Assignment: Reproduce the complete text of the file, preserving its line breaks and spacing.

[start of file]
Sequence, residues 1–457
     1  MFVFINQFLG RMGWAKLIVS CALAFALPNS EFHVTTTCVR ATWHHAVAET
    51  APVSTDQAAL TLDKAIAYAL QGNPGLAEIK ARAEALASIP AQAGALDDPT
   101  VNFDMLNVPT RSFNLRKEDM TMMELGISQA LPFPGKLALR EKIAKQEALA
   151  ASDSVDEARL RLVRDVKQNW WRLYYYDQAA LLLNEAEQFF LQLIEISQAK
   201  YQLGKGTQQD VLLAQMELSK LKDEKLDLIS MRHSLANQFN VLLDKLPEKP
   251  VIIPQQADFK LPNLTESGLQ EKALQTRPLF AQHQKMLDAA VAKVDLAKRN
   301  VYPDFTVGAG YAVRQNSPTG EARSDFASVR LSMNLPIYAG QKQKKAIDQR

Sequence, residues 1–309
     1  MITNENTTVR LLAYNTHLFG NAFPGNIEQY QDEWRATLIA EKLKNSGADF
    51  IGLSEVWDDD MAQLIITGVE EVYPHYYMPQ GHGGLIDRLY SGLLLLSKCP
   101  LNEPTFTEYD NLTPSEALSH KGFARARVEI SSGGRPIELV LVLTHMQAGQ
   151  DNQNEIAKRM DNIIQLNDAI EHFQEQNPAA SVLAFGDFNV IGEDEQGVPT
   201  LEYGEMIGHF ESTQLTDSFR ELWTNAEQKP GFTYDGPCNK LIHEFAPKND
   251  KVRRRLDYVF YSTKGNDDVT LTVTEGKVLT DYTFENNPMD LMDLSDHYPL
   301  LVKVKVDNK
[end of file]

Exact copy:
Sequence, residues 1–457
     1  MFVFINQFLG RMGWAKLIVS CALAFALPNS EFHVTTTCVR ATWHHAVAET
    51  APVSTDQAAL TLDKAIAYAL QGNPGLAEIK ARAEALASIP AQAGALDDPT
   101  VNFDMLNVPT RSFNLRKEDM TMMELGISQA LPFPGKLALR EKIAKQEALA
   151  ASDSVDEARL RLVRDVKQNW WRLYYYDQAA LLLNEAEQFF LQLIEISQAK
   201  YQLGKGTQQD VLLAQMELSK LKDEKLDLIS MRHSLANQFN VLLDKLPEKP
   251  VIIPQQADFK LPNLTESGLQ EKALQTRPLF AQHQKMLDAA VAKVDLAKRN
   301  VYPDFTVGAG YAVRQNSPTG EARSDFASVR LSMNLPIYAG QKQKKAIDQR

Sequence, residues 1–309
     1  MITNENTTVR LLAYNTHLFG NAFPGNIEQY QDEWRATLIA EKLKNSGADF
    51  IGLSEVWDDD MAQLIITGVE EVYPHYYMPQ GHGGLIDRLY SGLLLLSKCP
   101  LNEPTFTEYD NLTPSEALSH KGFARARVEI SSGGRPIELV LVLTHMQAGQ
   151  DNQNEIAKRM DNIIQLNDAI EHFQEQNPAA SVLAFGDFNV IGEDEQGVPT
   201  LEYGEMIGHF ESTQLTDSFR ELWTNAEQKP GFTYDGPCNK LIHEFAPKND
   251  KVRRRLDYVF YSTKGNDDVT LTVTEGKVLT DYTFENNPMD LMDLSDHYPL
   301  LVKVKVDNK